Last month, councillors rejected planning consent for Cuadrilla’s application to drill and frack a total of eight wells at two sites on the Fylde, on the grounds that they would have an unacceptable visual impact and create too much noise.

On Thursday, the company said it would submit appeals for both the shale gas exploration and accompanying arrays to monitor seismic activity and groundwater at the sites. If the exploration goes ahead, it will be the biggest round of fracking in the UK to date.

Green campaigners said the appeal showed a “blatant disregard” for the views of local people.

Francis Egan, Cuadrilla’s chief executive, said in a statement: “I understand that some people would prefer that we did not appeal but I am confident that we will demonstrate to Lancashire and the UK that shale gas exploration and fracking is not only safe but represents a very real opportunity to create jobs, fuel businesses, heat UK homes and stimulate significant local economic growth.”

He added that the company was committed to engaging with local communities to reassure them that fracking could be undertaken safely. A report by an industry-funded task force on shale gas earlier this month concluded that, properly regulated, fracking was safe for human health and the environment but that it was too early to say whether it would be good for the UK.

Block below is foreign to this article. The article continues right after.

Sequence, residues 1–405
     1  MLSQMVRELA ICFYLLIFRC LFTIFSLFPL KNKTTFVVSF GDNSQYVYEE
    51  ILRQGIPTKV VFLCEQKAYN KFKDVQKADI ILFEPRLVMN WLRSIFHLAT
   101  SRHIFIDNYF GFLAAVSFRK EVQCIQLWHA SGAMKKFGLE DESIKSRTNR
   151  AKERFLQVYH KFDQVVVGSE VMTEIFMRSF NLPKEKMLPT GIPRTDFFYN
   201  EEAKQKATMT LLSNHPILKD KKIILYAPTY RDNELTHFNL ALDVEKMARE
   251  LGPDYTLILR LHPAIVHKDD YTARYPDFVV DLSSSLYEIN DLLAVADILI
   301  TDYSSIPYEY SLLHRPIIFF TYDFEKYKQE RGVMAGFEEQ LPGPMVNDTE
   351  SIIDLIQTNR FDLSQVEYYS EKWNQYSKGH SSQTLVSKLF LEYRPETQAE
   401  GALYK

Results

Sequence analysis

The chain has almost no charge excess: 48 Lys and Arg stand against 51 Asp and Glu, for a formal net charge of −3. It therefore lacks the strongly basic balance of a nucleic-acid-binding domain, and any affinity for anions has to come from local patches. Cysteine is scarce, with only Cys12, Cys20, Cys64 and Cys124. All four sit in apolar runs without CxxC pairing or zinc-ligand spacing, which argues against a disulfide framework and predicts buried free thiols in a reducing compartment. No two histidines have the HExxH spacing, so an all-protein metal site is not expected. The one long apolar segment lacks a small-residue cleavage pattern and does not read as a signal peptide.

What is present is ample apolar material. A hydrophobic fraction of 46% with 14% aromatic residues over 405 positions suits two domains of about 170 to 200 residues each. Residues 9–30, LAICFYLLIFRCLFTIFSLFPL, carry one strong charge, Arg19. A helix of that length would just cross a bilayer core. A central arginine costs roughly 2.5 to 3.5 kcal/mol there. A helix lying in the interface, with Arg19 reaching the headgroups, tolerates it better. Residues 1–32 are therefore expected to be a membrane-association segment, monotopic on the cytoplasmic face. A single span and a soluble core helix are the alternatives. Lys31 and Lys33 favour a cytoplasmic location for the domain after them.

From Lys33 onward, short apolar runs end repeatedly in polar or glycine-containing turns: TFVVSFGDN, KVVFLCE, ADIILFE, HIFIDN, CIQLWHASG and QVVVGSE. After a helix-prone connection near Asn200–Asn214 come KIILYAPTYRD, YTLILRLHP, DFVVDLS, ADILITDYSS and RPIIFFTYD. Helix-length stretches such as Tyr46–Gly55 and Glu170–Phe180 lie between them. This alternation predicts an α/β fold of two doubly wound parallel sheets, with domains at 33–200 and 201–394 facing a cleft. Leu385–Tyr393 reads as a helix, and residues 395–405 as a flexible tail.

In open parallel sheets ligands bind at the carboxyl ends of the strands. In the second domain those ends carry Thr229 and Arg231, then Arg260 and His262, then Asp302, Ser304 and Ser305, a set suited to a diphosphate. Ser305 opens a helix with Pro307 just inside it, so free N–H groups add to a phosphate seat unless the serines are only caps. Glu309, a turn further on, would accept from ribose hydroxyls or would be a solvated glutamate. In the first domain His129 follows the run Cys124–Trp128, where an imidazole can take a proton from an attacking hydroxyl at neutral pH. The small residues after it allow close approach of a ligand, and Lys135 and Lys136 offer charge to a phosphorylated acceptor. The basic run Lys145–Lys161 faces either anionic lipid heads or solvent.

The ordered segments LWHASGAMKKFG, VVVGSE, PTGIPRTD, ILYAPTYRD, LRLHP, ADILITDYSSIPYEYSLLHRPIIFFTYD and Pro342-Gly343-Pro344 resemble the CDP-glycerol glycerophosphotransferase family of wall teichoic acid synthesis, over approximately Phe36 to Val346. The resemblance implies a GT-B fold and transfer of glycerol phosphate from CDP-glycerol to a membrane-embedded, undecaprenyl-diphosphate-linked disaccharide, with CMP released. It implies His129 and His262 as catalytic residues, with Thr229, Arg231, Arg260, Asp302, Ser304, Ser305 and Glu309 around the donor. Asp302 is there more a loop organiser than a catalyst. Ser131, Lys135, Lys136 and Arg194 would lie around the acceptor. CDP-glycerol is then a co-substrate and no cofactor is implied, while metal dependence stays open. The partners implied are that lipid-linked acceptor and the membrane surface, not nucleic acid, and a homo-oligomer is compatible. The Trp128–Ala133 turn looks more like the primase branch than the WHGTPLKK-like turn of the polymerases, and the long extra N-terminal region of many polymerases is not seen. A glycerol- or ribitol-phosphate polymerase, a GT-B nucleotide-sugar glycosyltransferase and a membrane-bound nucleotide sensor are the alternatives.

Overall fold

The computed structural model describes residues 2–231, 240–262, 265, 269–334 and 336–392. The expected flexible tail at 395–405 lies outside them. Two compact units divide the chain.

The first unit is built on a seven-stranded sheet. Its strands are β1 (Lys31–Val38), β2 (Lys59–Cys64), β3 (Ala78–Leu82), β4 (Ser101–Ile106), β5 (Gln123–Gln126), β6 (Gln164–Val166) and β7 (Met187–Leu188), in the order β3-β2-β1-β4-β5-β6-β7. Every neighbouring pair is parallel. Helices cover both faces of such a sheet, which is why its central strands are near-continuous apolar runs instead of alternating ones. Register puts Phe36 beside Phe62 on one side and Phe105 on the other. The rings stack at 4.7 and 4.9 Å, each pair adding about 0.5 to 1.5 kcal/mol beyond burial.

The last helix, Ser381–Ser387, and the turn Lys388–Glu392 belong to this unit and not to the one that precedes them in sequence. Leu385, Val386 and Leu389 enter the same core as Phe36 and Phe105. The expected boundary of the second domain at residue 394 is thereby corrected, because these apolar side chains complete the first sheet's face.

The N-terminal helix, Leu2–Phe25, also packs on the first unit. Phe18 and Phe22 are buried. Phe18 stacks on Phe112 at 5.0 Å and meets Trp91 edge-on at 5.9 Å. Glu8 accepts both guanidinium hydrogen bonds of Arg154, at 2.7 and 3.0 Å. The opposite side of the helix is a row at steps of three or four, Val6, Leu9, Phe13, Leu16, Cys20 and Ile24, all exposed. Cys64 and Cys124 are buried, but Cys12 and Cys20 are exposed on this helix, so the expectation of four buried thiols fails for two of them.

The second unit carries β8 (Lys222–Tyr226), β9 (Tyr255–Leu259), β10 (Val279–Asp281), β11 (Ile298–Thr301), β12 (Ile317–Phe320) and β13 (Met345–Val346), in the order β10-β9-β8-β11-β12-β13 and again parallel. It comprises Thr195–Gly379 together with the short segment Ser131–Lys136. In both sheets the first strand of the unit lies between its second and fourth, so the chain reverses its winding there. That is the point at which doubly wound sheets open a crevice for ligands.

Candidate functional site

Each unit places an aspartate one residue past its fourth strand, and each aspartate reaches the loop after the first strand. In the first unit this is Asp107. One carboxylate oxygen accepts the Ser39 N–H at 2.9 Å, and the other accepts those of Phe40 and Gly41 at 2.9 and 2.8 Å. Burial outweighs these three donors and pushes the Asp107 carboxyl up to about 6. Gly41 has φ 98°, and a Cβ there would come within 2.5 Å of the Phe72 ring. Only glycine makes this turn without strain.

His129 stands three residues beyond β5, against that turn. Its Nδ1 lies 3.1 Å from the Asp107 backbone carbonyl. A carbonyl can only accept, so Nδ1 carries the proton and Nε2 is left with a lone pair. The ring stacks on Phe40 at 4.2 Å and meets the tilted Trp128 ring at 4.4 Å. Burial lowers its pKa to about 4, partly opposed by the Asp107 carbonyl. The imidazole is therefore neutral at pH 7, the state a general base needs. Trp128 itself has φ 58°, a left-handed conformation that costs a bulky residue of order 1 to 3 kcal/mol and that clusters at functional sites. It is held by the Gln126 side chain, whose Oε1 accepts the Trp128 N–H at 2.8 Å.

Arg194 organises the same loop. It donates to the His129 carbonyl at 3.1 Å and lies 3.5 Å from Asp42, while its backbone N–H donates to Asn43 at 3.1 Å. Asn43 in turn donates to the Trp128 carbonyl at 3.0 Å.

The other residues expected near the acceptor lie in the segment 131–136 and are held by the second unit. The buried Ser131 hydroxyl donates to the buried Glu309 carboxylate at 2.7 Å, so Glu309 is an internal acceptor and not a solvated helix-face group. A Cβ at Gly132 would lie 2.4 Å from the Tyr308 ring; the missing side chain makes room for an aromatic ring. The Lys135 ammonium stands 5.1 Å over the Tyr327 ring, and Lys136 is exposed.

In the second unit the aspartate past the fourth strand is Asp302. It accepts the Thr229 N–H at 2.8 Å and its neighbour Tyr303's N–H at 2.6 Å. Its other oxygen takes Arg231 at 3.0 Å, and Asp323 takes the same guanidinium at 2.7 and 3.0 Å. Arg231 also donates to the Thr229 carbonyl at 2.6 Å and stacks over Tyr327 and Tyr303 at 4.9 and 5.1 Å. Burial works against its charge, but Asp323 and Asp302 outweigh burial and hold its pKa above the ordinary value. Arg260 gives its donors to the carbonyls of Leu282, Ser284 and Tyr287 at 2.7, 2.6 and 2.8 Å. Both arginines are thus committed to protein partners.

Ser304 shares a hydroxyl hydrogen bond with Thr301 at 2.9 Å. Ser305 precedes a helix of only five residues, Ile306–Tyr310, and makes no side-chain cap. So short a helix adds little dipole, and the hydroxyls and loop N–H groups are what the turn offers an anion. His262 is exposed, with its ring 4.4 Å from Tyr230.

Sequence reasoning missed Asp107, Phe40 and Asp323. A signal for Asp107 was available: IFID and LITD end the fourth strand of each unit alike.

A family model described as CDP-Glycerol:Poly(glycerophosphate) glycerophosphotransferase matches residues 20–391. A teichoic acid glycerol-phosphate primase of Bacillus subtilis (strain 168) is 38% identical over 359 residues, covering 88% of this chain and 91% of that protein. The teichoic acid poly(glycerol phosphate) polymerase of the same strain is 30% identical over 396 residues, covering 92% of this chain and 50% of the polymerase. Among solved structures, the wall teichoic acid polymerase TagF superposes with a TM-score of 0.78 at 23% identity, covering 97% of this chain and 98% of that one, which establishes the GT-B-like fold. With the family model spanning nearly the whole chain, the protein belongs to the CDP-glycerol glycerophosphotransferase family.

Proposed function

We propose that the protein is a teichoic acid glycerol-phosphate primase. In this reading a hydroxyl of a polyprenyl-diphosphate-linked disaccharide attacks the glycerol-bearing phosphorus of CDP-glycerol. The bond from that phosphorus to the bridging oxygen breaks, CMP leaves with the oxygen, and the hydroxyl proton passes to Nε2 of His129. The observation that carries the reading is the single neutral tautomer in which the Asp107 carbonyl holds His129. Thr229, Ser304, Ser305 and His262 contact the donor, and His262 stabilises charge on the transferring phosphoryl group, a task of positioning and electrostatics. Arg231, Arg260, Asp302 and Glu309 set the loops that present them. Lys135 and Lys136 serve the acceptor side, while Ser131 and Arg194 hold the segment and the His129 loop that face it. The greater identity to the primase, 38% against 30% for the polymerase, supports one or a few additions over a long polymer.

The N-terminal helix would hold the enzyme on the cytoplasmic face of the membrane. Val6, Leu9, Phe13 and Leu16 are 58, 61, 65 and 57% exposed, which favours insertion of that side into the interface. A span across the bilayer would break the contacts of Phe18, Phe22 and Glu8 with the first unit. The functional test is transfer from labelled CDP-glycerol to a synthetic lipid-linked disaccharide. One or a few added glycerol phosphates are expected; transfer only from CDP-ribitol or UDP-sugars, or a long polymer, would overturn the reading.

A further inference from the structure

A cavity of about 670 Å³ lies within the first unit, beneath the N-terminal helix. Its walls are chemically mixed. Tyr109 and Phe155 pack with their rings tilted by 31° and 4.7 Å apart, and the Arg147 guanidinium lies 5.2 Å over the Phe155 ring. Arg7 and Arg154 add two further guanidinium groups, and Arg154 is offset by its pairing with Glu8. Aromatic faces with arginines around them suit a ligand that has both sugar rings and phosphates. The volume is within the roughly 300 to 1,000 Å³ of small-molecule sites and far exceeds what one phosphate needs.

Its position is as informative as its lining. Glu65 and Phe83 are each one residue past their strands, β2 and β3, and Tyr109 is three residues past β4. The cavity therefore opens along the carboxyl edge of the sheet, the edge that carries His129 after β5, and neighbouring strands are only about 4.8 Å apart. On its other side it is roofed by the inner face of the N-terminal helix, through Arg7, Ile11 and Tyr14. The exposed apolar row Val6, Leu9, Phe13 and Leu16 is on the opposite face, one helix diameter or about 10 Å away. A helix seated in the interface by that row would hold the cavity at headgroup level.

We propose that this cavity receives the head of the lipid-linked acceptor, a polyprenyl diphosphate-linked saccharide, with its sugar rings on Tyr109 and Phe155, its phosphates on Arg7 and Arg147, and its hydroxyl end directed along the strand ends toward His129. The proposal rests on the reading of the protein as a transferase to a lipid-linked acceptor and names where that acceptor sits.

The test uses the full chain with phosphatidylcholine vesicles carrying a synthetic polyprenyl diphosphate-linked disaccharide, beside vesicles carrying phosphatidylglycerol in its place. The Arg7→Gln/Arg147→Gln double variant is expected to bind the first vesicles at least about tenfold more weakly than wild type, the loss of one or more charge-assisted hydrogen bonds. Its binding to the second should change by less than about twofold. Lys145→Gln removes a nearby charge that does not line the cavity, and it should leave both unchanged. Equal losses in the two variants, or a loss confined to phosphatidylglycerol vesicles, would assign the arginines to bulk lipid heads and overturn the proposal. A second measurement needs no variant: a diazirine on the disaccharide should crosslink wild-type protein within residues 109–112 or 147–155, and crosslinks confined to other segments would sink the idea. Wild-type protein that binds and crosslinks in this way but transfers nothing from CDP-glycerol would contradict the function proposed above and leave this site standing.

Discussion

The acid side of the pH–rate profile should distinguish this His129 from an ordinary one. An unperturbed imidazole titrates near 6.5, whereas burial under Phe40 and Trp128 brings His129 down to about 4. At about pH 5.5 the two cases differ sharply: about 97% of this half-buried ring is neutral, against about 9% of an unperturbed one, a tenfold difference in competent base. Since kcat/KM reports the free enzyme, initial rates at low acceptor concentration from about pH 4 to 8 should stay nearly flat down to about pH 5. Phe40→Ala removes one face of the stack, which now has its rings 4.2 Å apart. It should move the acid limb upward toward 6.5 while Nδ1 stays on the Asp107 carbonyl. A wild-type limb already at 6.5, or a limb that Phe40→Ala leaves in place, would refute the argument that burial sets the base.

Ken Cronin, the chief executive of the trade body that represents the fracking industry, said: “We welcome Cuadrilla’s decision to appeal against the planning decisions at both of its sites in Fylde. These appeals are a normal part of the planning process in the UK.”

Furqan Naeem, north west campaigner at Friends of the Earth, said: “An appeal will put further pressure on residents who have been fighting to keep their community free from this filthy industry for four years now. Cuadrilla bullied their way into a second chance to make the case for fracking in January, they don’t need a third.”

The appeal by Cuadrilla was widely expected after the rejection by Lancashire county council’s development control committee. It could ultimately land on the desk of Greg Clark, secretary of state for communities and local government, if he decides to “call in” the appeal.

Adam Vaughan 

This article first appeared on the guardian

Edie is part of the guardian environment network

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